toString()-based command outputs and lack of menu-style multi-step support required a fork of the project to add the following:
- SHL-106: Java Configuration support: Permits configuring a Spring Shell application using Java
@Configurationclasses instead of XML (JIRA)
- SHL-174: Multi-Step Commands: Permits commands annotated with
@CliStepIndicatorto perform additional logic during its execution, including accepting user input e.g. pagination instructions (JIRA)
- SHL-175: Multiple Output Formats for Commands: Permits command results to be printed to the console with different formats by using Spring Type Converters, denoted by
@CliPrinterannotations on Command parameters (JIRA)
The result was a handy framework for developers and QA engineers to quickly start using our API clients in a variety of situations.
Again, check out the Bootstrap Shell README for more information.
HAR Mar Interceptor allows capturing HTTP request/response exchanges, persisting them in a HTTP Archive (HAR) or API Log Format (ALF)-compatible format, and re-executing those requests at a later time.
Often one of the challenging things about creating clients for proprietary APIs is the lack of documentation or samples available to learn from. Also, some API providers can be very strict with rate limits and test API endpoints are rarely provided.
In Sports, this issue is complicated further by the time sensitive nature of the domain - events rarely last longer than a couple of hours and every so often rare scenarios like weather-related postponements, data-entry errors and 22 inning baseball games create challenges for how well our products work for users.
Early on in SportsLabs’ life, we created our own system for storing the request history of particular API endpoints, but I discovered the HTTP Archive (HAR) spec, created by @JanOdvarko, lead of the Firebug project.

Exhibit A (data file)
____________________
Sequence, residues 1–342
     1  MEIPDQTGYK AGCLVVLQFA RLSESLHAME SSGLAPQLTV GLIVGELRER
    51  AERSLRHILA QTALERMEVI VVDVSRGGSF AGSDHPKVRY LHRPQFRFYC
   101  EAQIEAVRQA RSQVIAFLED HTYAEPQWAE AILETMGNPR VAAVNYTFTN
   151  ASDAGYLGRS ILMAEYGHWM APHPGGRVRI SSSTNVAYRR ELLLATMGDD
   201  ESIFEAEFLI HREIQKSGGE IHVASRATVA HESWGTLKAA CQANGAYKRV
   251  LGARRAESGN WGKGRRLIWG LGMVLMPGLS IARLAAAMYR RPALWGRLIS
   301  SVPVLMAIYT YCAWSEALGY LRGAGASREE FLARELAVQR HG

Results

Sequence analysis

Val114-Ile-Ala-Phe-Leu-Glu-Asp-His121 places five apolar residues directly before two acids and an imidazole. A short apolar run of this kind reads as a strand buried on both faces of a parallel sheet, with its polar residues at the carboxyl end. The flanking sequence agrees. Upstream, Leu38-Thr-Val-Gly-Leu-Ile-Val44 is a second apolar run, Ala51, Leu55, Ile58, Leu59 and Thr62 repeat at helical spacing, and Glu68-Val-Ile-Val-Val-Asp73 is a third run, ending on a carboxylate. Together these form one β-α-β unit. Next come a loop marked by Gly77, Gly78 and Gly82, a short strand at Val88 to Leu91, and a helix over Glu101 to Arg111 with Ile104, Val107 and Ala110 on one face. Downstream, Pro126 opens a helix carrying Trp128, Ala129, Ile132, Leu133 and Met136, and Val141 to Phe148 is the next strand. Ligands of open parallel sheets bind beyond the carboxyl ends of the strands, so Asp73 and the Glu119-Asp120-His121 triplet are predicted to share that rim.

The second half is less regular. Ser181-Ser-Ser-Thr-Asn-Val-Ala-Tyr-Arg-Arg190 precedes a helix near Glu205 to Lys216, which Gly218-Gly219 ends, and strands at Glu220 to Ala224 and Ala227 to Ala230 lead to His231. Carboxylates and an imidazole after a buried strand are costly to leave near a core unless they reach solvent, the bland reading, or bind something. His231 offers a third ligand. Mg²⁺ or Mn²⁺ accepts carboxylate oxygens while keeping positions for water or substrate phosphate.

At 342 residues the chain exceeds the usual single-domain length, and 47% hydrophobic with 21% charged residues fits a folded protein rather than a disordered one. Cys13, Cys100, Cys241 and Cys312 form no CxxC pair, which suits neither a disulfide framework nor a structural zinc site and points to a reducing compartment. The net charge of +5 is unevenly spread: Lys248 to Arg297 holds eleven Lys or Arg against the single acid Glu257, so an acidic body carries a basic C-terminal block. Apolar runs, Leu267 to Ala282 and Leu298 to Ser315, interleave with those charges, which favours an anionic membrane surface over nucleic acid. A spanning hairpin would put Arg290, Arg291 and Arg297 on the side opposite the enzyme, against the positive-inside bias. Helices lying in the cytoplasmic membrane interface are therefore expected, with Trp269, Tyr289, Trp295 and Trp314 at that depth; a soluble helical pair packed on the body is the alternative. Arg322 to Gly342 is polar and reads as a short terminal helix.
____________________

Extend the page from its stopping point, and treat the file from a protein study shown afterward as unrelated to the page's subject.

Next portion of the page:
If you are familar with Firebug you’ll know you can see the requests the browser is making for a particular page and the time taken for each response to be received:
HAR Mar Interceptor ships with a customized Spring
ClientHttpRequestInterceptor for capturing HTTP request/response exchanges and storing them in ALF to a JDBC database:
The persisted data can be loaded into an
AlfHar POJO and represented in JSON using Jackson. This JSON can even be stored in a
.har file and loaded into HAR-compatible tools like Charles Web Debugging Proxy.
It also provides
ReplayAlfHarTemplate to replay entries in the HAR log at either real-time, fixed or immediate intervals.
This allows us to capture what our systems are requesting and/or responding under certain conditions, replay system inputs and/or outputs for debugging, plus design and tweak scenarios based on real data.
It also aids us when integrating with new data providers lacking documentation, as we can learn from the archive log and, for those who wish to limit testing efforts against their infrastructure, use services like Mashape’s Mockbin to mock their endpoints with observed data - using Spring Social Mockbin, naturally.